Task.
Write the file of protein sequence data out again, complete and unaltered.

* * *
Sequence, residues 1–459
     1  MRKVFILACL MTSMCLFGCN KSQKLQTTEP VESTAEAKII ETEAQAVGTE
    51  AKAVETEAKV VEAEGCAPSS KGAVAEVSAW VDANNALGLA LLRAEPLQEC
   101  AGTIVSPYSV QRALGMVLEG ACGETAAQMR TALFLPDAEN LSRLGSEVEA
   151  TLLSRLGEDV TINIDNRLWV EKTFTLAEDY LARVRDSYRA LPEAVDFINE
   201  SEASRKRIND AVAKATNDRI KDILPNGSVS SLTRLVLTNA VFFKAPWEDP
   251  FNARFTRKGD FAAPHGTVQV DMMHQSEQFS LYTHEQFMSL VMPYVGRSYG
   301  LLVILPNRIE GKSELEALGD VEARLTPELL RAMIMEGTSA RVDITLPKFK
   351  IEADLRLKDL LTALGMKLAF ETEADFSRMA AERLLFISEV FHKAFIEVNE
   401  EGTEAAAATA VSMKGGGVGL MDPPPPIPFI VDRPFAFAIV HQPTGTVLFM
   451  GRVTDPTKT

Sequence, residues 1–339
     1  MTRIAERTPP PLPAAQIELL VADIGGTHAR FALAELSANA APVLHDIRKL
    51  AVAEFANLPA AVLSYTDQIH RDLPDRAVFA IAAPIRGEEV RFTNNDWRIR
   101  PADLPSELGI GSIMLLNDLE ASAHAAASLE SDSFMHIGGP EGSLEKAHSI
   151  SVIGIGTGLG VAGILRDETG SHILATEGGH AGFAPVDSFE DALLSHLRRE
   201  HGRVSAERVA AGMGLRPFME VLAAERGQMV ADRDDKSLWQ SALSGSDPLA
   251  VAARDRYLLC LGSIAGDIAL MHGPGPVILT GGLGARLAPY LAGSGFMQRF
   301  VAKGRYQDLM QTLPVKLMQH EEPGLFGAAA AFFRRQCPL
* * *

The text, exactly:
Sequence, residues 1–459
     1  MRKVFILACL MTSMCLFGCN KSQKLQTTEP VESTAEAKII ETEAQAVGTE
    51  AKAVETEAKV VEAEGCAPSS KGAVAEVSAW VDANNALGLA LLRAEPLQEC
   101  AGTIVSPYSV QRALGMVLEG ACGETAAQMR TALFLPDAEN LSRLGSEVEA
   151  TLLSRLGEDV TINIDNRLWV EKTFTLAEDY LARVRDSYRA LPEAVDFINE
   201  SEASRKRIND AVAKATNDRI KDILPNGSVS SLTRLVLTNA VFFKAPWEDP
   251  FNARFTRKGD FAAPHGTVQV DMMHQSEQFS LYTHEQFMSL VMPYVGRSYG
   301  LLVILPNRIE GKSELEALGD VEARLTPELL RAMIMEGTSA RVDITLPKFK
   351  IEADLRLKDL LTALGMKLAF ETEADFSRMA AERLLFISEV FHKAFIEVNE
   401  EGTEAAAATA VSMKGGGVGL MDPPPPIPFI VDRPFAFAIV HQPTGTVLFM
   451  GRVTDPTKT

Sequence, residues 1–339
     1  MTRIAERTPP PLPAAQIELL VADIGGTHAR FALAELSANA APVLHDIRKL
    51  AVAEFANLPA AVLSYTDQIH RDLPDRAVFA IAAPIRGEEV RFTNNDWRIR
   101  PADLPSELGI GSIMLLNDLE ASAHAAASLE SDSFMHIGGP EGSLEKAHSI
   151  SVIGIGTGLG VAGILRDETG SHILATEGGH AGFAPVDSFE DALLSHLRRE
   201  HGRVSAERVA AGMGLRPFME VLAAERGQMV ADRDDKSLWQ SALSGSDPLA
   251  VAARDRYLLC LGSIAGDIAL MHGPGPVILT GGLGARLAPY LAGSGFMQRF
   301  VAKGRYQDLM QTLPVKLMQH EEPGLFGAAA AFFRRQCPL